That's about all I am up for now, so I will let you all go.
Not too much to add today. I went down for my covid test on Saturday. As expected, it was very quick and this time it was less invasive to my nose. The giant q-tip was only inserted into the area that most people would consider "the nose", where it was rotated for 10 seconds, then placed in the other nostril for another 10 seconds. All in all, I might have been there for 5 minutes. The good news, I received word today that the test came back negative.
I have received a couple of pre-check in calls the last couple of days. I am not sure how many times they need to verify that I am not allergic to anything or that I am taking the 2 same medications I was 48 hours ago. I will say, everyone has been very nice and friendly and I would rather answer these question a hundred times to make sure all goes smoothly.
Sonya, Dax and I are heading down to Roseville this evening to stay with a friend. I have to check in tomorrow at 4:45 AM! I am not allowed to eat or drink anything after midnight, so I will be up eating bacon, Twinkies and donuts until the bell strikes 12!
I am still feeling relaxed and confident that this will be a positive journey. I am not sure when I will be up to posting again. I am hoping it will be day 2 or 3 post operation. Again, I can't emphasize enough, how much the support and encouragement helps me.
4 days to surgery: a little more background and current stat
Journal posted on October 16, 2020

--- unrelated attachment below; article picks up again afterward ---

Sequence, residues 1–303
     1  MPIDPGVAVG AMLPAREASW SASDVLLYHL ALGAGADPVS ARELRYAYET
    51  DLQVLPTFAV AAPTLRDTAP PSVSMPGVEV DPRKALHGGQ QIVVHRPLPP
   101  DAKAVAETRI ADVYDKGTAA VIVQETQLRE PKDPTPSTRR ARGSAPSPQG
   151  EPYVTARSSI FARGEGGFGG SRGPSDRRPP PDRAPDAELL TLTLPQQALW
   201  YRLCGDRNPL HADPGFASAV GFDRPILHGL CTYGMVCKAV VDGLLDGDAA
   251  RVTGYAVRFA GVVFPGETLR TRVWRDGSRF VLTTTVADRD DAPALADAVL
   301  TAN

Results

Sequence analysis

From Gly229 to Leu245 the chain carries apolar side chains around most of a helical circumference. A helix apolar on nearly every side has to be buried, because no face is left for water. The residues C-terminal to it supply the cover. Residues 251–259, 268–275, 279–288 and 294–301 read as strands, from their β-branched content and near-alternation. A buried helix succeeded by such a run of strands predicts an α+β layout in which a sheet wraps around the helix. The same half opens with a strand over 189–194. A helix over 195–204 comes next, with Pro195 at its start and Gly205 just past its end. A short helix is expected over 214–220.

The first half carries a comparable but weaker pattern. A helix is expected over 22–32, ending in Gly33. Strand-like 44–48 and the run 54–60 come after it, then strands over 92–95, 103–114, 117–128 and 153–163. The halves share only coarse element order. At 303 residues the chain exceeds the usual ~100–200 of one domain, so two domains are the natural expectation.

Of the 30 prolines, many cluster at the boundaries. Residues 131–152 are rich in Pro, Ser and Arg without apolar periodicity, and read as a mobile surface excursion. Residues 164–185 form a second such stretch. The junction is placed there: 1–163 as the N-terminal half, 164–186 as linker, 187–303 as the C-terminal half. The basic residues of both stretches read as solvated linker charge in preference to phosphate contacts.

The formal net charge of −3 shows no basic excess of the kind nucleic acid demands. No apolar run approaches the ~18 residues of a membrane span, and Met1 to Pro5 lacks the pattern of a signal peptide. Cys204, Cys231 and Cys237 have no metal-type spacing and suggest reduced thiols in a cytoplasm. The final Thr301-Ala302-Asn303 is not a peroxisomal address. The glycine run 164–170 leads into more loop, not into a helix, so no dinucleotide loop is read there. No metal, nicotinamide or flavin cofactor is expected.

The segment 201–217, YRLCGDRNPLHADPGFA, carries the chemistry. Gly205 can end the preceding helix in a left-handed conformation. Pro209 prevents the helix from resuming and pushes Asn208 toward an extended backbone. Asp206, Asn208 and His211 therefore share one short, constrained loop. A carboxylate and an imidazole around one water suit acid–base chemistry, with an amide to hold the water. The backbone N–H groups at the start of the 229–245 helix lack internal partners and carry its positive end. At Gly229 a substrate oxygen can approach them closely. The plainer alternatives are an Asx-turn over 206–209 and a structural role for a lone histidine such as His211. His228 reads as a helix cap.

The count down has started. I am feeling comfortable with all of my decisions so far. I notified the surgeon (Dr. Robert Kincade) of my decision to go with the ON-X mechanical heart valve to replace my aorta valve. There is currently a study going on where recipients of an ON-X valve are taking Eliquis as opposed to Warferin. I am not sure if the Eliquis is any better than the Warferin but at least it is a possible option. For those that don't know (I didn't until a week or so ago) these medications are a form of blood thinner used to prevent blood clotting at the mechanical heart valve. If that blood clotting occurs it can cause stroke or a heart attack so everyone who has a mechanical valve is on blood thinning medication for the rest of their lives. That is the main reason people choose to go with a biological valve instead of a mechanical valve.
I have to go down to Sacramento for a Covid test tomorrow. The hospital requires all patients to be tested 2 to 3 days before being admitted at a drive thru testing site at the hospital. No options for testing at an alternative site. So yeah, I have to drive all the way to Sac, stay in my car, have my nose violated for 15 seconds, and drive home. On a positive note, the hospital has changed their visitor policy since I had my appointment with the surgeon. I can now designate 2 people to visit me during my stay, of which, one can visit me each day for and hour, but not on the first day. Oh, and they need to make an appointment to visit. But at least I can have some visitation.
I have been feeling a little more fatigued as the day wares on and when I get up too quick from resting I get light headed more frequently than I typically would. It also feels as if my heart is pounding at times, usually when I am laying down tying to go to sleep. I don't know if this is from my heart issue, getting old (shut up!), or that my cardiologist (Dr Stephen Masa) instructed me to stop exercising. While it is nice not waking up at 4:45 in the morning to go to the gym I do miss the feeling of exercising.
The outpouring of support has been amazing. Sonya has been the main conduit to let everyone know what is happening with me and I can't thank her enough. In fact, she is the one who encouraged me to write this journal as a way to keep all of you (yes all 3 of you) up to date with my condition. I can't say enough about how much she has helped my so far.
I am going to try to keep this journal as up to date as I can but please, no editing of my grammer and spelling, I am an engineer after all.